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    drclaw last won the day on March 5 2012

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    About drclaw

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      Alderaan is peaceful, we have no weapons
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      Wargaming, Chinese, Classical and Islamic History, pre-1945 Orders

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    1. Thanks very much, Enzo. It’s not something I know much about. It’s a fascinating relic of a period of Chinese history.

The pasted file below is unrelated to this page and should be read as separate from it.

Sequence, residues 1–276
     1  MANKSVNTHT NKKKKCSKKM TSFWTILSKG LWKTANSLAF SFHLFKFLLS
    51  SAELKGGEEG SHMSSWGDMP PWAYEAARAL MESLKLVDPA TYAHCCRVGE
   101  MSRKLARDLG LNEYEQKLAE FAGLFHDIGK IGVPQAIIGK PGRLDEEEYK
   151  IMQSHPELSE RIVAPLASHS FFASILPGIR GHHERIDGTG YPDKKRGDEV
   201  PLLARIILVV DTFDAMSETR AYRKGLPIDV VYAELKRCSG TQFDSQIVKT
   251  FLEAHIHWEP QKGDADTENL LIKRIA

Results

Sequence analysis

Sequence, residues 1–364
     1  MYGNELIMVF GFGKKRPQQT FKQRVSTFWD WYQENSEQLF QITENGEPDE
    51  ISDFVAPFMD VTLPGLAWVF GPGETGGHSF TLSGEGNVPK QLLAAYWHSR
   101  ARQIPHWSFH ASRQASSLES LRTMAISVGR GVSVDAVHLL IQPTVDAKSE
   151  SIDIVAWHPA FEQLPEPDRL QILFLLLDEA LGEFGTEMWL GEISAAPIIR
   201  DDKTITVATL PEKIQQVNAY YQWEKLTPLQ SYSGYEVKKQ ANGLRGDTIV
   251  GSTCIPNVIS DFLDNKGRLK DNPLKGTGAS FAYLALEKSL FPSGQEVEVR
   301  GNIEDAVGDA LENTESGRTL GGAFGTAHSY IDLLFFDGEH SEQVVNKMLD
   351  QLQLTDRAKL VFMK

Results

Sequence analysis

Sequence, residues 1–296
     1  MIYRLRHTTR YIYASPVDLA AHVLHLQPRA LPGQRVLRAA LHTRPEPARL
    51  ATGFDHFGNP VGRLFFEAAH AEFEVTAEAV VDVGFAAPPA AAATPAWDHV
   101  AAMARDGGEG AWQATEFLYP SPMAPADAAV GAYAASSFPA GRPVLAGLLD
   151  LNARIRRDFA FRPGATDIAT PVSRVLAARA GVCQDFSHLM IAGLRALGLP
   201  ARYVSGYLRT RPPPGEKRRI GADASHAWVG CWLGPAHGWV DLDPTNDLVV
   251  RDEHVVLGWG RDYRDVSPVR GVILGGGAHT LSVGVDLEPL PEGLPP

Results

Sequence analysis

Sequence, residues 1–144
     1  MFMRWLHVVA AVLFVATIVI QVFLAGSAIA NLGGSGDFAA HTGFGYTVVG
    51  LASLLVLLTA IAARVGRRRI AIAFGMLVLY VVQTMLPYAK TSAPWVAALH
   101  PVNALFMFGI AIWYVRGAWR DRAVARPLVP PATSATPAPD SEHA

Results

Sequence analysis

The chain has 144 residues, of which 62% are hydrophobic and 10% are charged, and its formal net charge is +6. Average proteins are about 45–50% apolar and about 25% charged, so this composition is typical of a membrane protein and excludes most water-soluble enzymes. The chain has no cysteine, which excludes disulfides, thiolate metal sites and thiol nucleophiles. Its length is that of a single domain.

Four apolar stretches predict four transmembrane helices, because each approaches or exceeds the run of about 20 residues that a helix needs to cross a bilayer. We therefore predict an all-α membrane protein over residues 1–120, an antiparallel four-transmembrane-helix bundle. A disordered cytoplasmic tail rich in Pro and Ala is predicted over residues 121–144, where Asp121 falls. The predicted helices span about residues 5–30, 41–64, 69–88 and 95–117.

2. Thank you, gentlemen. The German army trained the Chinese Nationalist army right up to the 1930s so it’s possible this might be a relic from this period.
    3. I’m posting this on behalf of JCWater. Would anyone know the model and time period of this telescope, and also why it might be in China?
    4. I agree with Great Dane on the on the type, class, grade and with JapanX on the authenticity. As Great Dane notes, the top coral stone has been lost and the blue centre stone has been replaced. There is considerable enamel damage from the photos. The suspension (this should be a neck badge) has also been lost and you can see the damage on the reverse of the top star ray.